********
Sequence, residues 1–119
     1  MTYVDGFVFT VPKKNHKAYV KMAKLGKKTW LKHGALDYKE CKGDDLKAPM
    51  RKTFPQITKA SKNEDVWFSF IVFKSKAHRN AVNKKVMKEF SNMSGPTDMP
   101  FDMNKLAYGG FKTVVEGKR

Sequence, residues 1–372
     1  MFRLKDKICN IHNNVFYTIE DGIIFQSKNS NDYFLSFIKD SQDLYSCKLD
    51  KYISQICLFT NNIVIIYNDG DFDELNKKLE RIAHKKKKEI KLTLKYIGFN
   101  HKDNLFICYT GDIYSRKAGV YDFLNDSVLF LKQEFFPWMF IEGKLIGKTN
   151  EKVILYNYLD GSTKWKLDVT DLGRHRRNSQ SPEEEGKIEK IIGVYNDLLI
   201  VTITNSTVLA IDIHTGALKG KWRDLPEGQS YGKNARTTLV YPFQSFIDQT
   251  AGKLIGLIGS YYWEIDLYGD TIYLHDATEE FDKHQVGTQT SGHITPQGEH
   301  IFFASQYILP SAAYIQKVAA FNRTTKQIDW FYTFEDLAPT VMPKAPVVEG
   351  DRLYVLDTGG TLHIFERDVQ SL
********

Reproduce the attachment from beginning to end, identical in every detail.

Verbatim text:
Sequence, residues 1–119
     1  MTYVDGFVFT VPKKNHKAYV KMAKLGKKTW LKHGALDYKE CKGDDLKAPM
    51  RKTFPQITKA SKNEDVWFSF IVFKSKAHRN AVNKKVMKEF SNMSGPTDMP
   101  FDMNKLAYGG FKTVVEGKR

Sequence, residues 1–372
     1  MFRLKDKICN IHNNVFYTIE DGIIFQSKNS NDYFLSFIKD SQDLYSCKLD
    51  KYISQICLFT NNIVIIYNDG DFDELNKKLE RIAHKKKKEI KLTLKYIGFN
   101  HKDNLFICYT GDIYSRKAGV YDFLNDSVLF LKQEFFPWMF IEGKLIGKTN
   151  EKVILYNYLD GSTKWKLDVT DLGRHRRNSQ SPEEEGKIEK IIGVYNDLLI
   201  VTITNSTVLA IDIHTGALKG KWRDLPEGQS YGKNARTTLV YPFQSFIDQT
   251  AGKLIGLIGS YYWEIDLYGD TIYLHDATEE FDKHQVGTQT SGHITPQGEH
   301  IFFASQYILP SAAYIQKVAA FNRTTKQIDW FYTFEDLAPT VMPKAPVVEG
   351  DRLYVLDTGG TLHIFERDVQ SL